Could a container tax be the compromise solution to Philadelphia Mayor Jim Kenney's controversial "Soda Tax?"
Philadelphia City Council discussed Councilwoman Blondell Reynolds Brown's plan to tax 15 cents on all beverages over 7 ounces with the exception of baby formula, milk and alcohol. The so-called "container tax" (similar to a Baltimore law) would put a lesser tax burden on consumers compared to the 3-cents-per-ounce sugary beverage tax.
The legislation defines a non-reusable beverage container as an "individual, separate, and sealed glass, metal, or plastic bottle, can, jar, or carton, not ordinarily collected from consumers for refilling, that contains a beverage of more than seven fluid ounces, and is intended for consumption off premises."
Reynolds Brown claims her plan could yield up to $64 million.
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"We believe firmly that it's not actually cheaper," said Kenney spokeswoman Lauren Hitt. "It's more expensive because it affects more products."
Kenney's proposed sugary-beverage tax, aka "soda tax," would be used to help fund educational initiatives, rehab recreation centers and better-equip police and fire departments, according to Kenney.
"Not only would this tax raise less than half of what is needed to implement Pre-K, community schools and rebuild our parks, rec centers and libraries, but it also hurts working families," said Hitt. "Unlike the soda tax, consumers will be unable to avoid the wide range of products sold in containers, like bottled water, 100-percent juices and other essentials."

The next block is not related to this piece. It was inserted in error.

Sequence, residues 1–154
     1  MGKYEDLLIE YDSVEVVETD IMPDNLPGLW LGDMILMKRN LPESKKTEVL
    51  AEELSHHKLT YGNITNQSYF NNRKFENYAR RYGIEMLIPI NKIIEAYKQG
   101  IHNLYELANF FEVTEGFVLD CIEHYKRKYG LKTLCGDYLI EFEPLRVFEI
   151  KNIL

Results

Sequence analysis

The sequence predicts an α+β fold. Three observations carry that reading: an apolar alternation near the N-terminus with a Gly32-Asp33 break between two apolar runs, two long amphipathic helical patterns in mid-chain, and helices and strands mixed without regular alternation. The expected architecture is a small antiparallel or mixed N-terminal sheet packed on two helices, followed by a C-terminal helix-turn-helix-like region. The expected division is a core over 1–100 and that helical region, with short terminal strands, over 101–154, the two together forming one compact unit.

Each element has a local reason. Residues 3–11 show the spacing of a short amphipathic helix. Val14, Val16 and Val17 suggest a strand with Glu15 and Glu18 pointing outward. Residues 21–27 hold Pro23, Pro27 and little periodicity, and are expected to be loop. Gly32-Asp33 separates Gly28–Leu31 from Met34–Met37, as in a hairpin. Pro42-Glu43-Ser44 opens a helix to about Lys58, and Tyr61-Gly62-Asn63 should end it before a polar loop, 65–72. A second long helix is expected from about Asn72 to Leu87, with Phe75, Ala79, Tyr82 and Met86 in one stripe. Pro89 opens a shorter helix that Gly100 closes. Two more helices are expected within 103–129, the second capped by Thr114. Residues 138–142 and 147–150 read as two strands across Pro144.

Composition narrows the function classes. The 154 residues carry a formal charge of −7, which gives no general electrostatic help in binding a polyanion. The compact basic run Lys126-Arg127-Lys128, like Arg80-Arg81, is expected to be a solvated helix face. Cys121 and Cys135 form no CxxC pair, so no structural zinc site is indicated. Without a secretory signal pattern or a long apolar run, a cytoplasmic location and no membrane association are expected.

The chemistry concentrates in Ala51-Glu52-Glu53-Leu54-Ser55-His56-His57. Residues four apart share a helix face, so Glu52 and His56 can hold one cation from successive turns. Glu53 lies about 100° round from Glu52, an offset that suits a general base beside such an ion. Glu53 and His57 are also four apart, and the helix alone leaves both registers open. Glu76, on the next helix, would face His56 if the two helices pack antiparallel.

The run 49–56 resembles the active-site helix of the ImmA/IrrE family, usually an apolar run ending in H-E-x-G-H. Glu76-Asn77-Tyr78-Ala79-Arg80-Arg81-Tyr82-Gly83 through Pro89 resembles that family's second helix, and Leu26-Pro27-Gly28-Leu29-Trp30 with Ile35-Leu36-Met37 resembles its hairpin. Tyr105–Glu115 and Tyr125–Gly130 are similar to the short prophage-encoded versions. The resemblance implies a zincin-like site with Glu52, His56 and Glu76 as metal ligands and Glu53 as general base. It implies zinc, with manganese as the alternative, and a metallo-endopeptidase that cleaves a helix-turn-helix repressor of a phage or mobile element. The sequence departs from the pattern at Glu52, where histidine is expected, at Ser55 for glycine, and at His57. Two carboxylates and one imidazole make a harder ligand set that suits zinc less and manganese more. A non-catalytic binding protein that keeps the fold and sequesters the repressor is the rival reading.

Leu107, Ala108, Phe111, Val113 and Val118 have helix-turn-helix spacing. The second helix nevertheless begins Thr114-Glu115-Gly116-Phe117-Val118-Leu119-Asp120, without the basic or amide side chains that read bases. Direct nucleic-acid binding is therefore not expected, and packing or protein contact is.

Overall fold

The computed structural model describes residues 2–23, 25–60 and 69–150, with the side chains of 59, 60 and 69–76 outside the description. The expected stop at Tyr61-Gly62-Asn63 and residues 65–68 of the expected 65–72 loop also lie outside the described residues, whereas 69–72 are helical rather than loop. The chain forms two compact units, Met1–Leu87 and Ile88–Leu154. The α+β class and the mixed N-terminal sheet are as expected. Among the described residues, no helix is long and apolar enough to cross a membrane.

Earlier, Kenney told city council the soda tax would provide $400 million to be split among several initiatives.
The soda tax is part of Kenney's proposed $4.17-billion spending plan, which exceeds last year's budget by $100 million. It is now in the hands of the city council, which has opposed similar sugary drinks taxes twice before under Kenney's predecessor Michael Nutter.
"If the goal is to provide a sustainable proposal that will allow for Universal Pre-K for all , improvements and access to recreation centers for all and community schools for all, then the tax should impact all--from soda to Perrier,” Reynolds Brown said. "The legislation symbolizes shared sacrifice and does not focus on one specific group, product or industry, therefore, it is less regressive, more sustainable and equitable.
"From the very beginning of this process, my office has asked for alternatives," said Reynolds Brown. "This legislation fosters continued discussion, conversation and debate about how we fund these essential programs."